Omni Hotel, Amelia Island, Florida
Begins May 6, 6 p.m. EST; adjourns May 8, 1 p.m. EST
This year's conference will explore aspects of machine learning (ML) and artificial intelligence (AI) and their implications for the financial system and public policy. Will ML and AI, as some informed observers predict, have a transformative impact on the financial system, the economy, and even society? And if so, are our regulatory and monetary policy frameworks ready for this brave new world?
- John Havens, Executive Director, IEEE Global Initiative on Ethics of Autonomous and Intelligent Systems
- Randal Quarles, Vice Chairman of Supervision, Board of Governors of the Federal Reserve System
- Tao Zhang, Deputy Managing Director, International Monetary Fund
Policy Session 1: How Do Machines Learn Finance? This session will help frame the discussion of the potential impacts of ML by presenting some background on what it is and is not. For example, is ML a fundamentally new set of tools? Or does it represent an accelerated innovation of tools already long in use? Are we on the verge of seeing strong AI where machines can outperform humans on every task? What are the major strengths, weaknesses, and limitations of ML? How do human experts and decision makers interact with ML? And in a financial setting, like the real-time evaluation of the flow of news, how does ML work?
Policy Session 2: Machines Learning Regulation (and Vice Versa). Machine learning has the potential to change significantly the regulatory environment—for better and worse. This session will discuss how ML is teaching financial firms to optimize their risk management and comply with regulation more effectively and at lower cost. The session will also examine ways ML helps supervisors enforce existing regulation more effectively. Looking forward, what concerns should supervisors have about potential risks ML poses to the financial system? Can the current regulatory system manage these risks?
Policy Session 3: Learning about an ML-Driven Economy. As ML and automation spread beyond manufacturing and financial services, the potential for significant structural change has important implications for macroeconomic policy, including monetary policy. But just how big is the likely impact of ML on the economy? Will changes to business models affect statistical measures of macroeconomic performance? If so, when and how can policy makers determine if ML is influencing unemployment and inflation? If macroeconomic policymakers—especially monetary policymakers—conclude that ML is significantly affecting the overall economy, how should they respond?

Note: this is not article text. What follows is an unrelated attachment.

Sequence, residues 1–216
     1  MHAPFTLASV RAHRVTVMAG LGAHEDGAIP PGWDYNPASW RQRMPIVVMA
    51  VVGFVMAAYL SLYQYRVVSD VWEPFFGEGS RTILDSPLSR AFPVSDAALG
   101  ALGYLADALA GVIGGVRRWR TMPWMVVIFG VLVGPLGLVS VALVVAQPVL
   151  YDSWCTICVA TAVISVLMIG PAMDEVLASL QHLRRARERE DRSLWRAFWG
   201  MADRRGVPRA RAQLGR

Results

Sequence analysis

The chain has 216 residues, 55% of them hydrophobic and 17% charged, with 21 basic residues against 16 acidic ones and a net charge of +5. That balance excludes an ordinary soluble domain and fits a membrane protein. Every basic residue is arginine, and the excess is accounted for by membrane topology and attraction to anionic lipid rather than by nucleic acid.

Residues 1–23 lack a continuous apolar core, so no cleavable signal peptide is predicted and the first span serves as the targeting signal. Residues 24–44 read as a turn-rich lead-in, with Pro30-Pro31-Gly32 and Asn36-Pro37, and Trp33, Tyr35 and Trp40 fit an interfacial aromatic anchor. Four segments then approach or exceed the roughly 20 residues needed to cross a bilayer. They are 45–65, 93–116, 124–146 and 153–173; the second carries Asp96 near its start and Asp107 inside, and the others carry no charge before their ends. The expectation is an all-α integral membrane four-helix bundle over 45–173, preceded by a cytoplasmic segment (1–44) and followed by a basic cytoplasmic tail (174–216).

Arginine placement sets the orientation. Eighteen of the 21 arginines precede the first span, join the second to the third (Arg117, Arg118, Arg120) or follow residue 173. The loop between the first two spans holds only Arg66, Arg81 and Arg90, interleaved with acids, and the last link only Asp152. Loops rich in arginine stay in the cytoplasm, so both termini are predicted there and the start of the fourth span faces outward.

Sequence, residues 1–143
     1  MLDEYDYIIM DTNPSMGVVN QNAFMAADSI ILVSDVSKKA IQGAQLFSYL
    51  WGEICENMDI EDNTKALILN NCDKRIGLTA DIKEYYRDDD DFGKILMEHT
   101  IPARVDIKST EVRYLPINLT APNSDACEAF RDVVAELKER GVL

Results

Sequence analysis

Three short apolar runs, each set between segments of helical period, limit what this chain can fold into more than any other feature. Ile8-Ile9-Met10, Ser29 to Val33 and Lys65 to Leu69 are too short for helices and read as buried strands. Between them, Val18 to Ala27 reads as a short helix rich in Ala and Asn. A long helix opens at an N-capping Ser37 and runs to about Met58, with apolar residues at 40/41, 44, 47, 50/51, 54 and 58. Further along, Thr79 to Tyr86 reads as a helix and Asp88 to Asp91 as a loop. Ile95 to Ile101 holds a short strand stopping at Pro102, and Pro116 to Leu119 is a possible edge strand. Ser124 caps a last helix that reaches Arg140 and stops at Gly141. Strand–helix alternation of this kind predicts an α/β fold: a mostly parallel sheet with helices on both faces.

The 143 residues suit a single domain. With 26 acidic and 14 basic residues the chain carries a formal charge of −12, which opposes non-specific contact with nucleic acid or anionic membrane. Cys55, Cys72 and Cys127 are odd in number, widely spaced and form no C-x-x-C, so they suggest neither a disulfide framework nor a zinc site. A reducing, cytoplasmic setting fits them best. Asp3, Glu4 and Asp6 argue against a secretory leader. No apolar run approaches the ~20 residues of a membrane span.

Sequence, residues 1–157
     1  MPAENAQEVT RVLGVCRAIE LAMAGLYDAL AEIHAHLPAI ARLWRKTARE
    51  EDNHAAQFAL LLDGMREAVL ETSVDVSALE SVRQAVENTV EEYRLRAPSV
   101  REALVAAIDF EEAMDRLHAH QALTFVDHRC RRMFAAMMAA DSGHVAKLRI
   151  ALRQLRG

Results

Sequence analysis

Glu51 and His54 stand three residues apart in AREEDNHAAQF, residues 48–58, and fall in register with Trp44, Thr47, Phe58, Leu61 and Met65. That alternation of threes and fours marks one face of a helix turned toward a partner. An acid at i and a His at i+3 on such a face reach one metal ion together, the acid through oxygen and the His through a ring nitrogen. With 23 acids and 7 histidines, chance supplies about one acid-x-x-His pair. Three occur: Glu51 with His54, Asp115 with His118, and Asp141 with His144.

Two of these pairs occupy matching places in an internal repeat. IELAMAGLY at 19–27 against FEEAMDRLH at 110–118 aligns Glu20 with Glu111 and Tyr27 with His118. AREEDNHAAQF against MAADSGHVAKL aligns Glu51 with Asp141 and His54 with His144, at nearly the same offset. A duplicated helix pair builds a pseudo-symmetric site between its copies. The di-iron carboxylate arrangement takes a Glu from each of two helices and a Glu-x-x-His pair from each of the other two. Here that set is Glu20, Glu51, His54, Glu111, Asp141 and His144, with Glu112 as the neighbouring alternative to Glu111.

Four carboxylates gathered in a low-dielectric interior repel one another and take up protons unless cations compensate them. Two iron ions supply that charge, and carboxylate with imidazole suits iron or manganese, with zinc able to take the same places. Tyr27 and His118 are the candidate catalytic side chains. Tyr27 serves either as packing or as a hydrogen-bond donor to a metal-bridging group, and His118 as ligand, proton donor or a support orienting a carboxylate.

Policy Session 4: Machines Learning Investments. Machines have been learning finance for decades, and algorithmic, high-frequency trading has received much attention. However, recent developments in data availability and storage, computer speed, and learning techniques might dramatically change and accelerate technology's participation in the financial system. This session will explore the strengths and weaknesses of using ML to design and execute portfolio strategies. Will ML ultimately replace human analysts in investment decisions? How likely is ML to provide an enduring source of competitive advantage for some investors? Will machines trading against other machines create new types of systemic risk? In reshaping asset management, where will ML go next?
Who Should Attend
Senior leaders of global financial firms and policy institutions, government officials, and academics
Conference is by invitation only. The registration fee is $750.
Lisa Lee-Fogarty, email@example.com